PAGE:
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Mixteco Indígena Community Organizing Project turns 20 

After opening an office in Santa Maria in 2019, the Mixteco Indígena Community Organizing Project (MICOP) quickly became a fixture in northern Santa Barbara County communities, particularly known for its translation and outreach services that helped get critical information to local residents during the pandemic.

This year, as the organization starts to expand its efforts into San Luis Obispo County, MICOP celebrates its 20th anniversary.

click to enlarge TWO DECADES Mixteco Indigena Community Organizing Project (MICOP) is celebrating its 20th anniversary this year. The organization is a vital resource for Mixtec community members. - PHOTO COURTESY OF MICOP
  • Photo Courtesy Of MICOP
  • TWO DECADES Mixteco Indigena Community Organizing Project (MICOP) is celebrating its 20th anniversary this year. The organization is a vital resource for Mixtec community members.

"It started in 2001, very small, by one person: Family Nurse Practitioner Sandra Young," MICOP Executive Director Arcenio Lopez said. "The reason why she started it is because she noticed that a lot of her patients, they were not able to communicate either in Spanish or English, so she identified many of them being from the Mixteco community."

Young advocated for a Mixteco interpreter to be hired at her clinic, and they brought someone on part time at first.

"Soon they realized that there were so many Mixteco patients that they made the interpreter full time," Lopez said. "On the side, outside [Young's] work, she started inviting people to these monthly community gatherings where they were distributing information and basic necessities for families."

These community meetings soon became MICOP.

"They started with direct services. It was pretty hard to ignore the immediate needs of our communities," Lopez said. "But at the same time, they recognized that there were social issues, and there was a need to create this other arm about advocacy and community organizing, and looking to create long-lasting, systematic change."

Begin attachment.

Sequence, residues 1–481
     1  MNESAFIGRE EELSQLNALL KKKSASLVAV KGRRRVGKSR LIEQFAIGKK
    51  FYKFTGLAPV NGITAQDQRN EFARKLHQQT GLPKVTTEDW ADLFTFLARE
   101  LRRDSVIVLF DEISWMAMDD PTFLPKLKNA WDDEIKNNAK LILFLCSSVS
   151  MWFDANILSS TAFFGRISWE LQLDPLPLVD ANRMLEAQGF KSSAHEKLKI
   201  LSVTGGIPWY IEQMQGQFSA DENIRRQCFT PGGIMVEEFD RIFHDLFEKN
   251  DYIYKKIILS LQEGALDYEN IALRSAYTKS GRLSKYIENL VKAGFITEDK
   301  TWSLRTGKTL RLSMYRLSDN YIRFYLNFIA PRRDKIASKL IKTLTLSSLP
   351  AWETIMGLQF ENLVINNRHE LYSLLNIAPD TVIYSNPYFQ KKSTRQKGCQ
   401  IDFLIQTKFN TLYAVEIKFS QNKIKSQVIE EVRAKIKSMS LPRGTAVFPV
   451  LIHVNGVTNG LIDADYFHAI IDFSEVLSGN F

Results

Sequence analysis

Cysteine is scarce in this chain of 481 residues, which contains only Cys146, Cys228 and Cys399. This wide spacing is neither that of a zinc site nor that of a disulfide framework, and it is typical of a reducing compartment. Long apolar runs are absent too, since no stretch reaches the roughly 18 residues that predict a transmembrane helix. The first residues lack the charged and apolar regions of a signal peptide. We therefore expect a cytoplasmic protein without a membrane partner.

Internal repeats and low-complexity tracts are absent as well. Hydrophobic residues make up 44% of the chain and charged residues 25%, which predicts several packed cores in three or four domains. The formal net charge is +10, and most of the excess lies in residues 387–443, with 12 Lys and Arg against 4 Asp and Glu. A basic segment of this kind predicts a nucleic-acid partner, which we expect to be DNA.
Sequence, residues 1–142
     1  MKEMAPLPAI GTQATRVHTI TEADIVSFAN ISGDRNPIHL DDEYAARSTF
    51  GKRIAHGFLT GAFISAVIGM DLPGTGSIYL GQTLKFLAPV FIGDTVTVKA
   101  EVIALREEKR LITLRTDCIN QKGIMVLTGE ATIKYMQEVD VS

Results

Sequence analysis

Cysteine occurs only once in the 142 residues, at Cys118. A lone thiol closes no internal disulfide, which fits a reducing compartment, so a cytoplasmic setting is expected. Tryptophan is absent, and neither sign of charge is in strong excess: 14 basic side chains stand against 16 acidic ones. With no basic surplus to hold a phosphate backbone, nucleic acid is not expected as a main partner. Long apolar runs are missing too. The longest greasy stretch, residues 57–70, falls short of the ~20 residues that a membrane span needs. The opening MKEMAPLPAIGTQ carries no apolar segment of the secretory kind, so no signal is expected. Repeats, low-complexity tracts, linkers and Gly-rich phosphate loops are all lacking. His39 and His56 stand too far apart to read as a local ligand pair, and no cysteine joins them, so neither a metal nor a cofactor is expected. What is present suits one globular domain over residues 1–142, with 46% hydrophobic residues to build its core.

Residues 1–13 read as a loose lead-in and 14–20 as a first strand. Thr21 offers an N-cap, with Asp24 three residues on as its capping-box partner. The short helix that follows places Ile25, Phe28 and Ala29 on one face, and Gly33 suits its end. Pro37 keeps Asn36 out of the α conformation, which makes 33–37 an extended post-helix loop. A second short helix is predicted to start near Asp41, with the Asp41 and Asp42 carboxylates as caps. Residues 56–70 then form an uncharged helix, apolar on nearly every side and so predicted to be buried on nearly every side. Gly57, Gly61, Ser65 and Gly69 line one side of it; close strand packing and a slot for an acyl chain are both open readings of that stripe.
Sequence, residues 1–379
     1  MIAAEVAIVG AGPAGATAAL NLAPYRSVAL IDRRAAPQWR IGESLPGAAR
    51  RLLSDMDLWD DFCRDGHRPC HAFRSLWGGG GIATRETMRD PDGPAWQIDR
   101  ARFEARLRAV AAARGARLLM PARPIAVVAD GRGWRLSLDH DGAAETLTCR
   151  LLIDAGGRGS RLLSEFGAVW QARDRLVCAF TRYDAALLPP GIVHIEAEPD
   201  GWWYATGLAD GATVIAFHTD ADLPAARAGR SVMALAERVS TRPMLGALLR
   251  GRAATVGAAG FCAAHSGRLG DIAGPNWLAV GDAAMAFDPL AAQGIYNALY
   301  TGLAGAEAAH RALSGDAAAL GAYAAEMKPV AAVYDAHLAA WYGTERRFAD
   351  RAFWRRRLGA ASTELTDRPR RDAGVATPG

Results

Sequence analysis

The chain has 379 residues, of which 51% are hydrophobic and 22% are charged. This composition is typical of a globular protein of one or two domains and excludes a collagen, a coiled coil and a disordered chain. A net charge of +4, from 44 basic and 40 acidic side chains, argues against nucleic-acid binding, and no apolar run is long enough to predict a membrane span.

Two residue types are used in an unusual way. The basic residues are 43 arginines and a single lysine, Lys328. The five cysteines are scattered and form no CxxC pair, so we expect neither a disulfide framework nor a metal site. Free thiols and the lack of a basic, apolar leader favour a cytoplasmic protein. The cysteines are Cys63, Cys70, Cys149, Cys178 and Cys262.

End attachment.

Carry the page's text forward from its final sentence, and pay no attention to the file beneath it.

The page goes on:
In 20 years, MICOP went from "a tiny organization, a small budget, no offices," to now having dozens of employees and multiple offices—two in Ventura County, two in Santa Barbara County—and a recent community outreach position added in Paso Robles.

"We have an Indigenous Advisory Committee, mainly leaders from indigenous communities, giving guidance to the [MICOP] board of directors on what is needed. Based on that, we started many different programs," Lopez said.

This includes interpretation services, a radio station called Radio Indígena, a youth group, a scholarship program, and more. These programs became acutely important during the pandemic, as MICOP is the only organization working with and for indigenous migrant communities, Lopez said.

"All these years being present, working with communities ... there was already a trust established with communities," Lopez said. "We started doing Facebook Live, started using Radio Indígena. We never imagined that Radio Indígena would be such a crucial tool during this moment. This pandemic forced us to be in these virtual platforms."

Radio Indígena already was a trusted source of information within local indigenous migrant communities, particularly among farmworkers, Lopez said, making it an important tool to reach those people with COVID-19 information.

"When they're working, they're always carrying a radio and listening to radios, so that just became so handy during the pandemic," he said.

MICOP was also one of 12 organizations to partner with the state for the Disaster Relief Assistance for Immigrants project, which provided one-time assistance to undocumented adults who weren't eligible for other types of aid.

As the organization looks to the future, it's hoping to expand.

"People from San Luis Obispo were traveling to [MICOP's] Santa Maria office because they started hearing about the organization and they wanted to be able to get that support," Lopez said.

In partnership with the Labor and Workforce Development Agency's statewide COVID-19 workplace outreach campaign, MICOP was able to add a community outreach position in SLO County, based in Paso Robles, earlier this year.

"We pushed for this vision and said, 'Why not [the whole] Central Coast?'" Lopez said. "So that's our new vision, mission statement: To support, organize, and empower indigenous, migrant communities in California's Central Coast. ... We're already looking into expanding to San Luis Obispo, and that's probably the next step."

Fast fact

The Agrarian Hotel in Arroyo Grande was awarded LEED (Leadership in Energy and Environmental Design) Silver, according the South County Chambers of Commerce—it's the first new construction project in the city to earn the certification from the U.S. Green Building Council. Visit for more information. Δ

Staff Writer Malea Martin can be reached at

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